The actions of the Maharashtra Governor over the last few days have invited scrutiny. From the early morning swearing-in ceremony to the unceremonious pre-floor test resignation of Devendra Fadnavis and Ajit Pawar, Raj Bhavan has found itself in the centre of controversy.
Soon after the Karnataka Assembly elections earlier this year, the actions of the Karnataka Governor were also subjected to judicial scrutiny on aspects of the discretionary powers of the Governor with regard to formation of government. Nevertheless, this week, the Supreme Court had another occasion to reaffirm the law. However, it is unlikely that these controversies will be resolved until there is a constitutional restructuring of the office of the Governor.
In April 1948, the Drafting Committee of the Constitution insisted on omitting all references to the discretionary powers of the Governor. On May 31, 1949, B.R. Ambedkar said in unequivocal terms that the Governor “is required to follow the advice of his Ministry in all matters”. However, it is trite that the Governor is required to exercise discretion in deciding the formation of government when there is no clear post-poll majority. Here, the cases of S.R. Bommai v. Union of India, Rameshwar Prasad v. Union of India, and Nabam Rebia v. Deputy Speaker provide unambiguous judicial guidance to how the office of the Governor must encounter tricky post-poll claims to form government and stay immune to political bias.
Unfortunately, the appointment process of Governors has made the office vulnerable to the influence of the Union government. Over the years, occupants of this office have continued to look towards New Delhi for guidance. The dangers of this habit are cautioned by lawyer and constitutional expert A.G. Noorani, who argued that a “state’s autonomy comes to naught if its people’s mandate can be defied or ignored by a central appointee.”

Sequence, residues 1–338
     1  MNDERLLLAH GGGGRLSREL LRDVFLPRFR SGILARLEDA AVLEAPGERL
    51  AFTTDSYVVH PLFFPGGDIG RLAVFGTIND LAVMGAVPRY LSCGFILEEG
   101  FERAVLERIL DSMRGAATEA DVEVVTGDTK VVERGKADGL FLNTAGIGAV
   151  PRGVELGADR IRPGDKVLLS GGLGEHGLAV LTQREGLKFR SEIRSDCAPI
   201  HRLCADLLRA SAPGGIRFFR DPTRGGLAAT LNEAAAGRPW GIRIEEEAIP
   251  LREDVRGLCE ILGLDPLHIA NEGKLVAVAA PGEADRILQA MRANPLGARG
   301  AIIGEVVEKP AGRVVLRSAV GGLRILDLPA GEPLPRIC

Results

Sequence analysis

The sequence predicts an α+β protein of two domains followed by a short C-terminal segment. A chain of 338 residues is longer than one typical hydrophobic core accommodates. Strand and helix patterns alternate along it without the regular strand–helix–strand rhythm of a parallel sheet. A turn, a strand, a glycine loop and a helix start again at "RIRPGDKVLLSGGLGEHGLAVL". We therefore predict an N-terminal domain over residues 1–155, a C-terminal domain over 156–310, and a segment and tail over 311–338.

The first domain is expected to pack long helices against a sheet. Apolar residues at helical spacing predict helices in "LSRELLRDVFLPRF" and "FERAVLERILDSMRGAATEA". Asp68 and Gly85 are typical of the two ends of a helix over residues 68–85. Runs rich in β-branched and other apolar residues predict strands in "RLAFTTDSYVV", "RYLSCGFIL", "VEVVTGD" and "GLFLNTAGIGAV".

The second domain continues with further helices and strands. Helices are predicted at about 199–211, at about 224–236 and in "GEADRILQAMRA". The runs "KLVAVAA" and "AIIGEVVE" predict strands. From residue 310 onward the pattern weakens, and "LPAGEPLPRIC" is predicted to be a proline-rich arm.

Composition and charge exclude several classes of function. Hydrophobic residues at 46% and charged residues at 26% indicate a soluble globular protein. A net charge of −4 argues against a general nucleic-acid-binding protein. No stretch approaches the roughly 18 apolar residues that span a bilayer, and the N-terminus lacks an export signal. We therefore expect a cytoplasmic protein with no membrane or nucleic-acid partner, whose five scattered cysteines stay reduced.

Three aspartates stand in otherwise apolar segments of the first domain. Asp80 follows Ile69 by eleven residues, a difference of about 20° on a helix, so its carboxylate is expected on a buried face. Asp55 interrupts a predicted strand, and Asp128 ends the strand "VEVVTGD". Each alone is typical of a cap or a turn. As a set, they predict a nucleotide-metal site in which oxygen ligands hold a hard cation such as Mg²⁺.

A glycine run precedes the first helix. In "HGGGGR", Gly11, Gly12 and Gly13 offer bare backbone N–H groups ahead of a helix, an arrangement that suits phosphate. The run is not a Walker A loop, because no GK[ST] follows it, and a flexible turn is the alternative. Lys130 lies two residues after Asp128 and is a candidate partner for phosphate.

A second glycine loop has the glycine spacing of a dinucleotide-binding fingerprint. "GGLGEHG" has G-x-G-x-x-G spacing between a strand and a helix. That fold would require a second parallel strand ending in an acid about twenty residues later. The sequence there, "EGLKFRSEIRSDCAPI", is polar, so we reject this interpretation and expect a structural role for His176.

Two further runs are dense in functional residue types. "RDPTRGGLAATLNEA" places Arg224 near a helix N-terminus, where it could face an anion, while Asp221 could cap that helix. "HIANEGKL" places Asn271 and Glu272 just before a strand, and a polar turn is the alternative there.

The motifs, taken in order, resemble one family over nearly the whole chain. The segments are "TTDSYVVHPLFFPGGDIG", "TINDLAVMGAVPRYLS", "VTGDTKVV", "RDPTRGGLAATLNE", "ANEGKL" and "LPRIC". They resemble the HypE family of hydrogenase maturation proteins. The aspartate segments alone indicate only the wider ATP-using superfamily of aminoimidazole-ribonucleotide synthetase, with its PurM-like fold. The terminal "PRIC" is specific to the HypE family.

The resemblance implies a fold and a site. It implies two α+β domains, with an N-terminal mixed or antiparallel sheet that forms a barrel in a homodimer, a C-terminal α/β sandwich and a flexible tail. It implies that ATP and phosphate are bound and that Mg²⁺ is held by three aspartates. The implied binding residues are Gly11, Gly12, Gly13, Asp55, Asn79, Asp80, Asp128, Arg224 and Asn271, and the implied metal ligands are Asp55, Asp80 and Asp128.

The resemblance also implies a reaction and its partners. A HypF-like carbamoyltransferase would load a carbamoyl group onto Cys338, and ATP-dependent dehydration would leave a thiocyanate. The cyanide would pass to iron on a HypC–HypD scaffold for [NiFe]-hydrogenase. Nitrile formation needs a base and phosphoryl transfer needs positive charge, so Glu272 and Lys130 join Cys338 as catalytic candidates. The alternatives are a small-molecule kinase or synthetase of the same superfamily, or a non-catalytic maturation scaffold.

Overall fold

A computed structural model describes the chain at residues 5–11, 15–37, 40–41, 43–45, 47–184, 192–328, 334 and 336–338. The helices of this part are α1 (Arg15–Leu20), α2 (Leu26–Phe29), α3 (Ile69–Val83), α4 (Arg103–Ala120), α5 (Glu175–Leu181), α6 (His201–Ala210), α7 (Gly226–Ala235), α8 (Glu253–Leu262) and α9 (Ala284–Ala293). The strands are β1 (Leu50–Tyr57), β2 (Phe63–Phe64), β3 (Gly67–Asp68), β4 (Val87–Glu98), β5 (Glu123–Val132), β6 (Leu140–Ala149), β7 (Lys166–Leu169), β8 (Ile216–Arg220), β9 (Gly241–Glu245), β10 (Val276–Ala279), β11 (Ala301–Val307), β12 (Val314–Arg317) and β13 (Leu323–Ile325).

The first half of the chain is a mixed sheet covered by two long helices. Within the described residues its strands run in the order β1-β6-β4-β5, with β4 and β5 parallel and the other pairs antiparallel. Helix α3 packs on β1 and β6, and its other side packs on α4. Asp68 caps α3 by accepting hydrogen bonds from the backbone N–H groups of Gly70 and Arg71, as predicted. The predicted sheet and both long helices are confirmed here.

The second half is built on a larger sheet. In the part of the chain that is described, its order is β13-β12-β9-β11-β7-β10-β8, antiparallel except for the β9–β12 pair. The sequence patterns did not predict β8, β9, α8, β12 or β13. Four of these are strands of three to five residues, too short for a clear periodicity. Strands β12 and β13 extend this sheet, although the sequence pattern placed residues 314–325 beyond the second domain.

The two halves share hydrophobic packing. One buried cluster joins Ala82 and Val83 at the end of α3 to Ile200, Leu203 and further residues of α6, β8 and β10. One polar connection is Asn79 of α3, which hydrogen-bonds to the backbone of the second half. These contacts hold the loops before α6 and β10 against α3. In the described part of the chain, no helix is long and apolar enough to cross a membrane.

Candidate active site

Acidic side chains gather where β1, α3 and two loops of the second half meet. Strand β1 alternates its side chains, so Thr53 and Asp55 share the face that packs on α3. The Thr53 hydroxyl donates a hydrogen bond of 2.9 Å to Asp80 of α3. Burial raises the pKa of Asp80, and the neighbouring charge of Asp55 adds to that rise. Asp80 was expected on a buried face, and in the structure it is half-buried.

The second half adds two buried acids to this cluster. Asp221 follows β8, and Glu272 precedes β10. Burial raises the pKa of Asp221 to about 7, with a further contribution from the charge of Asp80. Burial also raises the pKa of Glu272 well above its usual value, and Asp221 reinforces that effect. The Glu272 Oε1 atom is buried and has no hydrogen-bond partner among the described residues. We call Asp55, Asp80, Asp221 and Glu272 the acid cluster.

In the Karnataka and Maharashtra cases, it is evident that the Governors invited the leader of the BJP when they did not have the support of the majority in the respective Legislative Assemblies. It begs the question what claims of support were made by the BJP leaders to the Governors and how the Governors satisfied themselves of these claims when there was verifiable, adverse information available in public. The Raj Bhavan in Mumbai also witnessed a curious swearing-in ceremony which happened with little or no public notice. Such actions create a reasonable apprehension that the office of the Governor is open to be manipulated and misused in furtherance of political partisanship. This strengthens a call to review and restructure the office of the Governor if its constitutional values are to be safeguarded.
There is little doubt that the appointment and tenure of Governors need to undergo radical reform. The Justice P.V. Rajamannar Committee, which was tasked by the Tamil Nadu government to look into Centre-State relations in 1969, recommended that State governments be included in the appointment process of Governors to drastically reduce their discretionary powers. The call to rectify the imbalance in Centre-State equations must begin with such a reform.
Furthermore, for too long, Governors have enjoyed a legal immunity, granted by the Constitution, on account of their sovereign functions. Over the years, the Supreme Court has confirmed its powers to review the actions of the Governors. Any decision of the Governor can be subjected to judicial scrutiny, including the materials placed to arrive at that decision. However, there is a compelling case that the Westminster model of sovereign and symbolic head of state is past its expiry date. The powers and privileges that are attached to the office of the Governor must be accompanied by answerability, transparency and accountability. Governors and their offices must be scrutinised as much as any other public office. The court must lay down guidelines in this regard.